We wanted to introduce three new THVIPs and remind you that THVIPs are experienced place-based educators (and learners) ready to brainstorm, observe, conduct workshops, and help you use place-based strategies at your school or site. Think of them as free consultants, facilitators, critical friends, and presenters.
“I’ve been calling the Hudson Valley ‘home,’ for as long as I could speak,” writes 8th grader Brian Angevine, middle school winner in Writing About Place. “Having grown up in the suburbs with rural influences makes me respect the lifestyle that my family has maintained for centuries. My family mainly hunters and farmers ….”
Data Jam challenges students to creatively tell stories for a general audience using data from the Hudson River watershed. To get in on this year’s competition register by May 4 and submit team information and parental consent forms by May 18.
Readers in our annual Writing about Place contest were taken with these descriptions of items found at Olana State Historic Site and the Old Rhinebeck Aerodrome. Vincent Cheng, the early grade winner, will host his classmates on a trip to the latter. Charlotte Weinstein’s fifth grade class will join her at Olana.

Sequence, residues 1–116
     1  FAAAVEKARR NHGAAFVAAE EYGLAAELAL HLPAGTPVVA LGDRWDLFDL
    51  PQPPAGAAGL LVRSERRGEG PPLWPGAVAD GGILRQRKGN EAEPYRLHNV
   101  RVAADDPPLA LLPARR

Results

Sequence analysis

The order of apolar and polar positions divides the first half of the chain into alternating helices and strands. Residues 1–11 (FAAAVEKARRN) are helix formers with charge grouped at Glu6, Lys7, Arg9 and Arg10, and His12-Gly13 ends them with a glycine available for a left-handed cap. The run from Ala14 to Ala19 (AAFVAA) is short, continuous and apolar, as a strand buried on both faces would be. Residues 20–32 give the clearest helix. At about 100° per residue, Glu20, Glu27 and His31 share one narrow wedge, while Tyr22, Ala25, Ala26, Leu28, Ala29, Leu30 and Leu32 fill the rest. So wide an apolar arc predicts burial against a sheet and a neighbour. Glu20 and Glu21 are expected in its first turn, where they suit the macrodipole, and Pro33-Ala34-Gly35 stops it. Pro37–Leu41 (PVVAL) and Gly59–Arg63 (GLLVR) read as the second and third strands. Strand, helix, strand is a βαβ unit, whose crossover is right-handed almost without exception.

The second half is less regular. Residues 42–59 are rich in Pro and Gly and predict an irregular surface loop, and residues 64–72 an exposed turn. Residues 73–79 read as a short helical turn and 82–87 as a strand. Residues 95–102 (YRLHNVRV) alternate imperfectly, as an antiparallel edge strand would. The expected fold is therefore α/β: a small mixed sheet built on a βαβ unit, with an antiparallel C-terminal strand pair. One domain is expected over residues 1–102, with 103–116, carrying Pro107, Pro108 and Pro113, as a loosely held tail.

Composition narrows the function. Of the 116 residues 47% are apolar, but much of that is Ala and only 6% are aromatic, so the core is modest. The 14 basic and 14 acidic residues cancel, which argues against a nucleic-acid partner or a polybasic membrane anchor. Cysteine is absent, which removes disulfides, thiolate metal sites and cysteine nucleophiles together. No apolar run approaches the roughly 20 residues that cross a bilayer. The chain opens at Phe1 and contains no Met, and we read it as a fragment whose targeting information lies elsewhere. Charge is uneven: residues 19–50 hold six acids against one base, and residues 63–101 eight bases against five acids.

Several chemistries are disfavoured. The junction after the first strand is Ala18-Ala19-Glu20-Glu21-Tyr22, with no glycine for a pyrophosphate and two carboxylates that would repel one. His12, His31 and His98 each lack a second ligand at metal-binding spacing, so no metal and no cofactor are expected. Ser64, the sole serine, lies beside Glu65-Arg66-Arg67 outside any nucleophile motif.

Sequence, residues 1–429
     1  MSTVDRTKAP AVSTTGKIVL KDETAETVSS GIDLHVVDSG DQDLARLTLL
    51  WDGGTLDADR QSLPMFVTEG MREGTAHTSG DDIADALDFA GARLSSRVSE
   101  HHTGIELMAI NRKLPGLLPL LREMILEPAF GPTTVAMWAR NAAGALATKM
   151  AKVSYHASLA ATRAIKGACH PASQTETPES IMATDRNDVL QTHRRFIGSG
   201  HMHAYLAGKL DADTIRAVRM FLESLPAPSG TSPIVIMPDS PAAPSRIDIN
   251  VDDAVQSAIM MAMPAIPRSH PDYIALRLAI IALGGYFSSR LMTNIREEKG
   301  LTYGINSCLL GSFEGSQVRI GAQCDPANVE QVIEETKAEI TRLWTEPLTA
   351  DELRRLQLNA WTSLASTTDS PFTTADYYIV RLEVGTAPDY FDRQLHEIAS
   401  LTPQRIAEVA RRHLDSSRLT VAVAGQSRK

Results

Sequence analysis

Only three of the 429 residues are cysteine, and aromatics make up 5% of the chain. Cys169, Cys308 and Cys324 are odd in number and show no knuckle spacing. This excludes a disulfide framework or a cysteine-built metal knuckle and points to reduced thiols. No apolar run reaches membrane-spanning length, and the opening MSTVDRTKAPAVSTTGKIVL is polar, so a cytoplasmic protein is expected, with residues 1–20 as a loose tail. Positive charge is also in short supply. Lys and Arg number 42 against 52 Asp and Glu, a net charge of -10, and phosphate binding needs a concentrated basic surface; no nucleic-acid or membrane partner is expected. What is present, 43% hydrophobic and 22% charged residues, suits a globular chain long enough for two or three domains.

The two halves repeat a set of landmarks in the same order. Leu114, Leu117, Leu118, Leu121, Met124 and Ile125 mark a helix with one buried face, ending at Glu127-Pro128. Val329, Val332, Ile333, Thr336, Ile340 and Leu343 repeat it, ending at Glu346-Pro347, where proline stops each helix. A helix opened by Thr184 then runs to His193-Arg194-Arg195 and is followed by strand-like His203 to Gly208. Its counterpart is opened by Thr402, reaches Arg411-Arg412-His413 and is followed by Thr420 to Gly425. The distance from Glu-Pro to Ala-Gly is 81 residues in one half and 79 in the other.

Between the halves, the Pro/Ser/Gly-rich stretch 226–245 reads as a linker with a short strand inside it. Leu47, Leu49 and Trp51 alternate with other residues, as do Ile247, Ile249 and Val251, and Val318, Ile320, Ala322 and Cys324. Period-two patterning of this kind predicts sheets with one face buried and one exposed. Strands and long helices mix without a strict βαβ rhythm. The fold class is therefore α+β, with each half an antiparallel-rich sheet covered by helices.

For the fourth year, students around the Valley have delighted us with their impressions of–and feelings about–places in our region. Read about this year’s top-scores in our Writing About Place contest. And, watch this space over the next few months, as we publish their essays and poems.
In October, we wrote about a few ready-made history projects that seemed analogous to those within the citizen science movement, i.e., planned, and to some extent managed, by regional or even national organizations. Since there weren’t many, we wanted to share some homegrown ideas and models you can adapt or duplicate.
Primary sources are great for place-based learning, and this blog has written about them often. So, whether using more primary sources was one of your new years’ resolutions — or not — we’re thrilled to share three tools to make it easier.
“Icicles like bars on the windows, trapped inside,” by Kim Ellis. Kim taught second grade and English as a Second Language in the Monroe Woodbury Central School District for 24 years and is now a teacher consultant with the Hudson Valley Writing Project.
Another winter photo: Geese on Mill Pond, Monroe. Courtesy of Orange County Tourism.
Ice boats on the Hudson by Dorna Schroeter, director, Center for Environmental Education at Putnam-Northern Westchester BOCES.